I am limited to what I can shoot just now due to local restrictions but here’s a 500-second exposure using my Sigma fp and 24-70 f2.8 Art dg dn with the filter stack set to nine  stops

And a crop.

 

Testing

I set up a test scene using my Sigma sdQH and 70-200 f2.8 Sport.  I used a bunch of stuff around the house and my Spiffy Gear Spekukar LED to give a very consistent light.

Here’s start it looks like without a filter.

Now a crop without, and both the 2-5 Stop and 6-9 Stop filter.

As you can see even shooting at 135mm on my Foveon camera the filters seem to have no effect on image sharpness.

There is a slight color cast but it’s very minimal with the 2-5 stop being just a touch warmer and the 6-9 stop being a touch cooler.

The filters are also very accurate in the rated light reduction when rotated to each stop marking but the 6-9 stop filter was about 1/3 lighter than rated through the range.

I decided to test them against some other vairable ND filters I had to see how they stacked up.

Sharpness wise there’s no faulting any of these filters but the new magnetic series from Haida seems to have the least amount of color cast.

Don’t get me wrong the K&F filters still over tremendous value for money at a combined price of $140.00: Nano-X Variable Fader NDX, $67.00 + Nano-X Variable Fader NDX HD, $72.95.

The m10 kit with the variable insert offers greater versatility with separate CPL control. It also offers the ability to stack filters and use grad filters. This costs around  $385.00 for the kit with extra 0.9cpl and vairable ND insert: M10 Filter Holder Kit with 82mm, $195.00 + Drop-In Neutral Density and Circular Polarizer, $100.00 + M10 Insert Variable ND Filter, $89.00

One of the things I did find during my testing though is the m10 kit can be prone to some ghosting using it as a variable ND. Possibly due to the distance between the front and back filters that are around 4x greater than the magnetic kit.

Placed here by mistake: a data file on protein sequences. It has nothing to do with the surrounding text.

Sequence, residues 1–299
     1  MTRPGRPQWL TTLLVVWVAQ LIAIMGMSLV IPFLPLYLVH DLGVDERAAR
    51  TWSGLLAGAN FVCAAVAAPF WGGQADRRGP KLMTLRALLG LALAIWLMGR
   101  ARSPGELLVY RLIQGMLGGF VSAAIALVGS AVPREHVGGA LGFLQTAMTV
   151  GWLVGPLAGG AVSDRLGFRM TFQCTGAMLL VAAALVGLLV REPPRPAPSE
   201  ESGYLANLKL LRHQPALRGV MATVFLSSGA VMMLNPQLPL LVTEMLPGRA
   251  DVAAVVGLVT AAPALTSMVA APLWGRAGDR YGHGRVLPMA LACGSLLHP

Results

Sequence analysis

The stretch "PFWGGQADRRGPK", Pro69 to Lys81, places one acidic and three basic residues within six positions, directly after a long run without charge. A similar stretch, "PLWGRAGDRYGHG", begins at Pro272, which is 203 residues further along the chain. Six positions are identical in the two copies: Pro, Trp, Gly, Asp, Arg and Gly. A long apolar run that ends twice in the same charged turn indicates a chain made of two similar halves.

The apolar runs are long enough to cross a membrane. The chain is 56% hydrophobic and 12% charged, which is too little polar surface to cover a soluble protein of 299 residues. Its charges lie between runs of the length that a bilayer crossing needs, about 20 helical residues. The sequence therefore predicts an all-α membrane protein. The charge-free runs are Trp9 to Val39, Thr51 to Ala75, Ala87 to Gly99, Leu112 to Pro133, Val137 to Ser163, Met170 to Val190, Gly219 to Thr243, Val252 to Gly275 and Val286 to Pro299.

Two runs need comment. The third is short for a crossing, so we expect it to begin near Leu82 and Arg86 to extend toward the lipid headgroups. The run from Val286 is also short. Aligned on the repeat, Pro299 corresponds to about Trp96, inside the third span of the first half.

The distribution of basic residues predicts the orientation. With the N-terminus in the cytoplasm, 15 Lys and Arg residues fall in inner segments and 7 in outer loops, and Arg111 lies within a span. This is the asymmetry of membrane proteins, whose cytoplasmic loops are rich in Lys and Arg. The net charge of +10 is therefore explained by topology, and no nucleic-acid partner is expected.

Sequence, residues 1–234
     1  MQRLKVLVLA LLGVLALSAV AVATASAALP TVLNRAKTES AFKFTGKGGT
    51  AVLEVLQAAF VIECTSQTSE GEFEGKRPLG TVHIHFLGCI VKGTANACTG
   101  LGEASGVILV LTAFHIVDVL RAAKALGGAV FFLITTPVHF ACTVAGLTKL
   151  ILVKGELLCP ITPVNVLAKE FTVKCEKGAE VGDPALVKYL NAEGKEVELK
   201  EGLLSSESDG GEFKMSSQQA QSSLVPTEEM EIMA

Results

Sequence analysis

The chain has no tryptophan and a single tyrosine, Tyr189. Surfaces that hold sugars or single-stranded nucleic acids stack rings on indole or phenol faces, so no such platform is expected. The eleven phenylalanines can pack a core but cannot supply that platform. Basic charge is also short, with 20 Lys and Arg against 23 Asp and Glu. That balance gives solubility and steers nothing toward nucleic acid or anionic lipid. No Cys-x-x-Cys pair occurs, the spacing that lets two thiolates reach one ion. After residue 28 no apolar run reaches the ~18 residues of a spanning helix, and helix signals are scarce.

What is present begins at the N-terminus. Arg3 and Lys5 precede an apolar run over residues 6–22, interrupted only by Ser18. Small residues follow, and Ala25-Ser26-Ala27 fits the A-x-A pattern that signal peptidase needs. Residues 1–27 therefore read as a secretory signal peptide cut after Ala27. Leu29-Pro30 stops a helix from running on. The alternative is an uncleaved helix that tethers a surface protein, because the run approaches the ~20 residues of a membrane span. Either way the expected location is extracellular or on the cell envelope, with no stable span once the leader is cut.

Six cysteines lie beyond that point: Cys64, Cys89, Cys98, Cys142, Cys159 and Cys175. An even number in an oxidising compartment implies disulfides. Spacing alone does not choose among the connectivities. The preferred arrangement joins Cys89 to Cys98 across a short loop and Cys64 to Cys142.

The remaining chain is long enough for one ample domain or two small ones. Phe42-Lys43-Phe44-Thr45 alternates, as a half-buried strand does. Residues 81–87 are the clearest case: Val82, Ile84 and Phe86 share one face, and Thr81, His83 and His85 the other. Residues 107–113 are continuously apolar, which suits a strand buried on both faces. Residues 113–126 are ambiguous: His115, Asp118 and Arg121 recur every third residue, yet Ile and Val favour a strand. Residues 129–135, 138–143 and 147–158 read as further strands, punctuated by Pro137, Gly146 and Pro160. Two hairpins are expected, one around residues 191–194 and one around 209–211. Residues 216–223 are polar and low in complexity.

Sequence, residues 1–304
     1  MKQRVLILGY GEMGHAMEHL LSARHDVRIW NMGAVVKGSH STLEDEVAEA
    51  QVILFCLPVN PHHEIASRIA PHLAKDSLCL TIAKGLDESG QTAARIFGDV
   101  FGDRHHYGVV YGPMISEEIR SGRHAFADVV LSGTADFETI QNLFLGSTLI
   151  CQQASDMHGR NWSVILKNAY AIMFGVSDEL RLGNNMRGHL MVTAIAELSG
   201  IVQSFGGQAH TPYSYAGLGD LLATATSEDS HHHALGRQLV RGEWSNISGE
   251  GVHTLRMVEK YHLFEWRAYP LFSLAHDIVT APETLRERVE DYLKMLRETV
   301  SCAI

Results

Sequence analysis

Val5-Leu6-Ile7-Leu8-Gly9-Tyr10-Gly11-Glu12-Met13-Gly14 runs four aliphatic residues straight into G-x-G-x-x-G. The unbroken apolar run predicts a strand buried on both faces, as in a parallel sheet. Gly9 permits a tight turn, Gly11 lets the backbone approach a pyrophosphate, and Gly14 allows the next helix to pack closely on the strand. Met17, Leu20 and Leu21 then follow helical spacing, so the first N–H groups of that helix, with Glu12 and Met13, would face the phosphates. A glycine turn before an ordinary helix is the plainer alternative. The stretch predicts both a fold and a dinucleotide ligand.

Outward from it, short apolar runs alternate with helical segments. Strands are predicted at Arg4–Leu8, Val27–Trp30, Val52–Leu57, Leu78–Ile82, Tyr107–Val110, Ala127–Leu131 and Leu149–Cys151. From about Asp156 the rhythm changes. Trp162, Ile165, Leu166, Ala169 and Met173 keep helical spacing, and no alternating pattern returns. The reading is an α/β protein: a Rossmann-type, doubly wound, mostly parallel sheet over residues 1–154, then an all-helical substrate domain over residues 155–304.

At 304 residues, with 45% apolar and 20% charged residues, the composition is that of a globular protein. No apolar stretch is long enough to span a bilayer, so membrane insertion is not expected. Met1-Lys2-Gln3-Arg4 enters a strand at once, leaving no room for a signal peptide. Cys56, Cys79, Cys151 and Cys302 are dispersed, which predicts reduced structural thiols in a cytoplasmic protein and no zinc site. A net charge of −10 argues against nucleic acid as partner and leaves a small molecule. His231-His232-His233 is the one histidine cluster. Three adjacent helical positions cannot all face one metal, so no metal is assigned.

The Haida Nano Pro Magnetic Variable ND kit sits in the middle price-wise at $240.00 but offers the best image quality and ease of use.

Being that these are variable ND filters it is worth keeping in mind that unlike a true ND filter they can alter how light reflects in an image as you adjust the strength.

Conclusion

It is clear that the magnetic feature of the Haida  Nano Pro Magnetic Variable ND filters is the star of the show.   Making it quick to go from 1 to 9 stops of light reduction without the need to unscrew or screw on a new filter.

This alone I feel makes the kit worth getting, the minimum color cast and great sharpness just make it even better.

I do wish though that there was a way to control/rotate the rear CPL As this would give us more control in how the reflections are captured.

Haida are also planning on releasing a set with a lens pouch which would just make switching filters even more convenient than using the plastic cases.

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Paul Monaghan

Paul Monaghan

Paul Monaghan is a creative photographer based in Scotland. Paul is on of the leading landscape photographers in the UK and is an authority on ND filters in the industry. Among others, Paul is a Sigma UK Ambassador.